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No human error or negligent operation in this spring's flooding says report

'This year’s record-setting flooding in many parts of the province was caused by a combination of weather conditions: colder-than-average winter and spring, higher-than-average snowpack, lack of significant winter thaw, rapid snowmelt and significant rain events in the spring'
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2019 flooding lake nipissing breakwater turl
Lake Nipissing crept up to the breakwater, and over on a number of North Bay homes. Jeff Turl/BayToday.

A report released today from the "Special Advisor on Flooding" says that widespread flooding in Ontario this spring was caused by numerous factors, but not human error.  

In July, Doug McNeil was charged with conducting an independent review of flood management and 2019 flooding events in Ontario. The Special Advisor delivered his report to the Ontario government on October 31, and was released publicly today.

In his review, McNeil confirmed that this year’s record-setting flooding in many parts of the province was caused by a combination of weather conditions: colder-than-average winter and spring, higher-than-average snowpack, lack of significant winter thaw, rapid snowmelt and significant rain events in the spring. 

He found that nothing pointed to human error or the negligent operation of water control structures as the cause of the flooding and that the government and its partners were effective at reducing and mitigating flood risks. 

"The safety of the public and the protection of our communities is our number one priority,” said John Yakabuski, Minister of Natural Resources and Forestry. “After last spring’s flooding, we recognized that we needed an external perspective on the current roles and responsibilities of the governments, agencies and organizations involved in flood management – someone who could provide independent advice on improvements we can make.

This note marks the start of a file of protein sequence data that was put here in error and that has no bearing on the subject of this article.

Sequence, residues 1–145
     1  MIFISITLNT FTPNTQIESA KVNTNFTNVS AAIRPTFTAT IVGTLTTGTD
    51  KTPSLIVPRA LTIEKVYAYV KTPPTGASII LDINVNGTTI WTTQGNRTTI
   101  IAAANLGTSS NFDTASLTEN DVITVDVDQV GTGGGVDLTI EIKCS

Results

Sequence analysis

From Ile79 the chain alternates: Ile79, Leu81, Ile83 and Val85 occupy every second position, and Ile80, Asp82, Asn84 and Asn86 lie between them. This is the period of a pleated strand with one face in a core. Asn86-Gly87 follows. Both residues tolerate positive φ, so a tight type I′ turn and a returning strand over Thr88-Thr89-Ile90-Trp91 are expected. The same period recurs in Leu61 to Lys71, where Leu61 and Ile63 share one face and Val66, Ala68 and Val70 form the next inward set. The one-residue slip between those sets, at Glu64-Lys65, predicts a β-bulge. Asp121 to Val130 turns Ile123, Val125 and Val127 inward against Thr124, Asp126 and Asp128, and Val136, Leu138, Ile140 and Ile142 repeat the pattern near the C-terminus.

“Mr. McNeil looked carefully at the core components of the Province’s approach to emergency management relative to last spring’s flood season and found that steps taken by individuals, municipalities, dam owners, and other agencies were effective in reducing further potential damage to communities,” said Yakabuski.  

“This has been a difficult time for many of our communities and we know that for many Ontarians impacted by the floodwaters, life still hasn’t returned to normal,” said Vic Fedeli, MPP for Nipissing, “We understand the devastating impacts flooding has on our communities and that’s why we are taking action to improve the province’s resiliency to flooding.”

Fedeli says since the spring, the government has taken significant steps. 

  • Initiated procurement for its first-ever broad, multi-sector provincial climate change impact assessment that will help the province, municipalities, Indigenous communities and other local partners make more informed decisions to keep communities and people healthy and safe.
  • Opened the Green Stream infrastructure fund of the Investing in Canada Infrastructure Program (ICIP), enabling smaller municipalities to access approximately $200 million in federal and provincial funding to invest in critical water, waste water and storm water projects. 
  • Launched a $1 million pilot project under the Municipal Disaster Recovery Assistance program to help municipalities rebuild damaged infrastructure to make it more resilient to extreme weather.
  • Made it faster for property owners to get the approvals they need to repair flood-related damage to shorelines.

 Fedeli says Ontario has already committed to taking the following actions to address recommendations from the Special Advisor’s report:

 Read Ontario’s Special Advisor on Flooding Report at Ontario.ca/floodreport

 




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Jeff Turl

About the Author: Jeff Turl

Jeff is a veteran of the news biz. He's spent a lengthy career in TV, radio, print and online, covering both news and sports. He enjoys free time riding motorcycles and spoiling grandchildren.
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